Kindlestown Castle is a late stone example of a medieval hall house, possibly dating back to the 9th century. In 1301 the Uí Broin (O’Byrnes) burned down nearby Rathdown Castle, and the occupant may have stayed at Kindlestown. But the owner of the lands, John Fitzdermot, did not have the stomach to fight the local Irish, and so did not retake Rathdown Castle, instead conveyed the manor of Rathdown to Nigel le Brun, Escheator of Ireland in about 1305.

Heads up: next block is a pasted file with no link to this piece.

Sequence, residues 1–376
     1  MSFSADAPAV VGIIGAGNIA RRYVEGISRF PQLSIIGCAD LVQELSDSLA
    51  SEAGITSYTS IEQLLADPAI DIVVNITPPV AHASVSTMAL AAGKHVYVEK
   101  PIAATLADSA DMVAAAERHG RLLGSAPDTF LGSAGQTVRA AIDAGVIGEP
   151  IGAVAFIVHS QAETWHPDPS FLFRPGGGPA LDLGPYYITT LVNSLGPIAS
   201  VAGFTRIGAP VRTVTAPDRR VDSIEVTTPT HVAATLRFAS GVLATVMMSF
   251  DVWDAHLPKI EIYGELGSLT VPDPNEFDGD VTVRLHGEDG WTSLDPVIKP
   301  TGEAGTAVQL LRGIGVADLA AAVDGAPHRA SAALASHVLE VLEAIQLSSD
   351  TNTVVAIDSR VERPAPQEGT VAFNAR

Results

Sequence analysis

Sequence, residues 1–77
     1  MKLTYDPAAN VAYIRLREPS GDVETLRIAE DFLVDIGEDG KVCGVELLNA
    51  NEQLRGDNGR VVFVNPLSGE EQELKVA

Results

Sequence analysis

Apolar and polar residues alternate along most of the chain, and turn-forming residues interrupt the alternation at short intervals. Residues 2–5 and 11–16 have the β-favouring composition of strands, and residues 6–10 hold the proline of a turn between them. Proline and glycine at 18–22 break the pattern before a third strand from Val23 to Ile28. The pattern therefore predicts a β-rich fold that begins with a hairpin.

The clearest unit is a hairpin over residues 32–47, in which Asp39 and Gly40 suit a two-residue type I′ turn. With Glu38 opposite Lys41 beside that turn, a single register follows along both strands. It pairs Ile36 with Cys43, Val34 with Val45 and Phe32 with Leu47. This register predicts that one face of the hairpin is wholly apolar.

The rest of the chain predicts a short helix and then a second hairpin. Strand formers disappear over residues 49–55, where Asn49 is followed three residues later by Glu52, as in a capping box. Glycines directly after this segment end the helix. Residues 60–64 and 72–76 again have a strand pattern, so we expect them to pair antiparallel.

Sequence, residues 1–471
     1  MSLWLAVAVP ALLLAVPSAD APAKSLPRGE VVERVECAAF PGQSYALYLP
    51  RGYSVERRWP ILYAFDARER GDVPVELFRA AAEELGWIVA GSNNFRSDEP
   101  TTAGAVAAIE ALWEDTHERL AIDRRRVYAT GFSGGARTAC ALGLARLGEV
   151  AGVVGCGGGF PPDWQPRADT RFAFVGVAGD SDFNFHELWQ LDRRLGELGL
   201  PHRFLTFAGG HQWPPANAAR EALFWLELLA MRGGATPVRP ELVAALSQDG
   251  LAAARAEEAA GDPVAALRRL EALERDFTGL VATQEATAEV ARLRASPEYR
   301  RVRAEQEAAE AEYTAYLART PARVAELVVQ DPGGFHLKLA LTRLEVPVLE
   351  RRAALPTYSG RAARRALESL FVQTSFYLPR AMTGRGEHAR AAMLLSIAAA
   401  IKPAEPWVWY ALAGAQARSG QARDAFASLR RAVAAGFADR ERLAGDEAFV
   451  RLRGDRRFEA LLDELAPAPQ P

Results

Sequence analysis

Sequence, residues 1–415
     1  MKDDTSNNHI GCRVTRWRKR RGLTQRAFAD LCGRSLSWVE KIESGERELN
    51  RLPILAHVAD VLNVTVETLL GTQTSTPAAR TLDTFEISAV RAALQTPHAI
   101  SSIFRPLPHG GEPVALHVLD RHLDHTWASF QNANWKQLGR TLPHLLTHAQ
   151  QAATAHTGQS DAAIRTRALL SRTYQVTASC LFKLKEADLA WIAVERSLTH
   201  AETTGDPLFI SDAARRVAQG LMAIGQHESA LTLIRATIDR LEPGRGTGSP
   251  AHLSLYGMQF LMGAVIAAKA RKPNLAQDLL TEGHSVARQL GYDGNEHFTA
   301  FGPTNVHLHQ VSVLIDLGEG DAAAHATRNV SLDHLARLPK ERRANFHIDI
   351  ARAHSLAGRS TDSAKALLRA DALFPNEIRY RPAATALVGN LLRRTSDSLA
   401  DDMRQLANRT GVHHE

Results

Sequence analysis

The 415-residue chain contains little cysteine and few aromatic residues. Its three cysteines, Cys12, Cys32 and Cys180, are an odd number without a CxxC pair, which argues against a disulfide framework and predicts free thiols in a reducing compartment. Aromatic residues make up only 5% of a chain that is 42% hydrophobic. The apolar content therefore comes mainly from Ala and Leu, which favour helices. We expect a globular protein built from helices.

In 1377 the Uí Broin (O’Byrnes) attacked and took Kindlestown Castle itself. It was later recovered by Robert Wikeford, Lord Chancellor of Ireland (who was also the Archbishop), and it later passed into the possession of the Archbold family.
In September 1649, Cromwell arrived with his soldiers and his soldiers stayed in Killincarrig Castle. The locals stole Cromwell’s favourite horse. This angered Cromwell immensely, and as a result he ransacked Kindlestown Castle.
The castle was rebuilt and was occupied into the 18th century. Upon excavating it was established that the south and west walls represented a replacement wall built in the 19th century.
The castle today lies much in ruin, but one can still feel the grandeur emanating from this castle around 1000 years old.